Matt Fifolt, Ph.D., and Sandhya Kumar are a generation apart. Fifolt is the director of assessment and planning in Student Affairs. Kumar is a junior in the Honors Psychology and pre-Med programs.
But the two have a shared interest in service to others, Kumar as the president of the UAB student chapter of Habitat for Humanity and Fifolt as its advisor.
|(From left to right) Amanda Minnix, Sybil Sexton, Jackie Stafford and Jessica Williams race to finish their gingerbread house at the “From Gingerbread House to Habitat Home” competition Nov. 12 in the Spencer Honors House.
Kumar, along with vice president Jennifer Ghandhi, organized the Nov. 12 competition “From Gingerbread House to Habitat Home” at the Spencer Honors House to raise money for Habitat for Humanity International (HHI). HHI is a nonprofit, ecumenical Christian, housing ministry that seeks to eliminate poverty housing and homelessness from the world and to make decent shelter a matter of conscience and action. Habitat has built nearly 300,000 houses around the world, providing more than 1.5 million people in more than 3,000 communities with safe, decent, affordable shelter.
“One of the goals as a campus chapter, along with supplying a steady flow of volunteers to the Greater Birmingham Habitat affiliate, is to have fundraisers for Habitat for Humanity International,” Kumar says. “In the past the organization has held bake sales. We wanted to do something different and fun and perhaps pull from a wider range of people to participate.”
Service to others
Twenty student, faculty and staff teams paid $20 each to participate in the event that raised more than $450 and promoted efforts to eliminate substandard housing and homelessness. Teams had a maximum of five members and had 30 minutes to complete their gingerbread houses. All participants in the top three teams received a prize mug with candy and a value package pass for Riverview Brunswick Lanes. The top team also received movie tickets. Raffle prizes, which included gingerbread house kits, passes to Vestavia Bowl and tickets to Village Tavern for free appetizers and desserts, also were awarded.
Individuals from the community donated money to cover the cost of the basic materials for the competition, and each team was allowed to bring in any alternative supplies they might have wanted to use. Children of Habitat homeowners were the judges.
“The gingerbread house fundraiser involved people in a way that doesn’t require them to make a large commitment of time,” Fifolt says. “It promoted awareness for our organization and the community outreach it undertakes and hopefully inspired others to service.”
Fifolt and Kumar say they developed an interest in this particular kind of service in college.
Fifolt began his work with Habitat for Humanity as a graduate student at South Carolina after participating in its Alternative Spring Break, a program he later advised at UAB in 1995. Alternative Spring Break provides students an opportunity to spend their traditional spring break time rehabilitating and building houses. UAB has partnered with Habitat for Humanity for years, and students have traveled to South Carolina, North Carolina, Kentucky, Florida and Oklahoma to spend their week building homes.
“I think the neat thing is to see students come back energized and transformed,” Fifolt says. “That’s helped our chapter significantly.”
UAB’s chapter was founded several years ago after an Alternative Spring Break trip. Kumar participated in Alternative Spring Break as a freshman, traveling to Rocky Mountain, N.C., for five days of work.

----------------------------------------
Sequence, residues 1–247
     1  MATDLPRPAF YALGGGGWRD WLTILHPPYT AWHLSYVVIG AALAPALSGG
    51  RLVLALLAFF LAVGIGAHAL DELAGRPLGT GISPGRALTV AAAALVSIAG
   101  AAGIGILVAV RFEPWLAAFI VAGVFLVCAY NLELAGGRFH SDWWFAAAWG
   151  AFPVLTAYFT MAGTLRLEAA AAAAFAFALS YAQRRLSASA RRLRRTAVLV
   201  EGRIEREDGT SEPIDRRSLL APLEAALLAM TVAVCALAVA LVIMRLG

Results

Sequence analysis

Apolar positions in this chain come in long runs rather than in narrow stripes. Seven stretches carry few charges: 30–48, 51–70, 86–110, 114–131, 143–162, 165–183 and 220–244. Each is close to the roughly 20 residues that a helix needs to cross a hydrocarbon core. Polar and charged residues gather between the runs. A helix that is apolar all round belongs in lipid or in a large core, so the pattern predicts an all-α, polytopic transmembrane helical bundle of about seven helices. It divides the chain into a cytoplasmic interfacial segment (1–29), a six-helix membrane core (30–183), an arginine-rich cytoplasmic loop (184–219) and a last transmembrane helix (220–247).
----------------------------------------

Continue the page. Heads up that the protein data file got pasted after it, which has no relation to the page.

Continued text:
“I had always wanted to participate in Habitat but couldn’t until I turned 18; that’s part of their rules,” Kumar says. “Once I came to UAB, it was amazing to see so many students interested in volunteering. It was easy to join and participate.”
UAB’s chapter committed to five workdays locally this fall and consistently had at least 20 volunteers work every other Saturday. Almost 30 volunteers participated in the final weekend of work in an Ensley neighborhood that is made up almost exclusively of Habitat homes.
“There is one house completed, and three or four more are under construction,” Kumar says. “It’s been great to go work and just see the progression. We had such a great response from our chapter this fall that we’ve scheduled six workdays for the spring.”
Fifolt says the reason the Greater Birming-ham chapter is successful is because the program empowers those who volunteer.
“They aren’t interested in bringing people on just to be gophers or do menial tasks,” Fifolt says. “They’re interested in people learning how to put a roof on or build a wall. I think they know the time they spend investing in the people coming out to those workdays is time well spent. I think it’s empowering to students.
“I know it has been empowering to me when I’ve been on those sites,” he adds. “You don’t have to come in with all the skills or knowledge. There are people there who are willing and more than eager to teach.”
The Birmingham chapter is ranked in the Top 10 of more than 1,500 Habitat for Humanity affiliates in the United States; 40 new houses have been completed in 2008, an increase of 12.5 percent. “To be ranked at such a high level is a wonderful thing for the city and a nice thing to be a part of as an affiliate,” Fifolt says.
“Students like Sandhya and Jennifer are great representatives for the organization because they have that passion for service to the others, which is something I think we’re seeing more from students coming to UAB,” he notes. “The more UAB can do to provide opportunities and support for Habitat and other types of service organizations, the better our university will be. We certainly will be able to attract high-quality students and people.”
Contact Kumar at firstname.lastname@example.org to learn more about the UAB Chapter of Habitat for Humanity.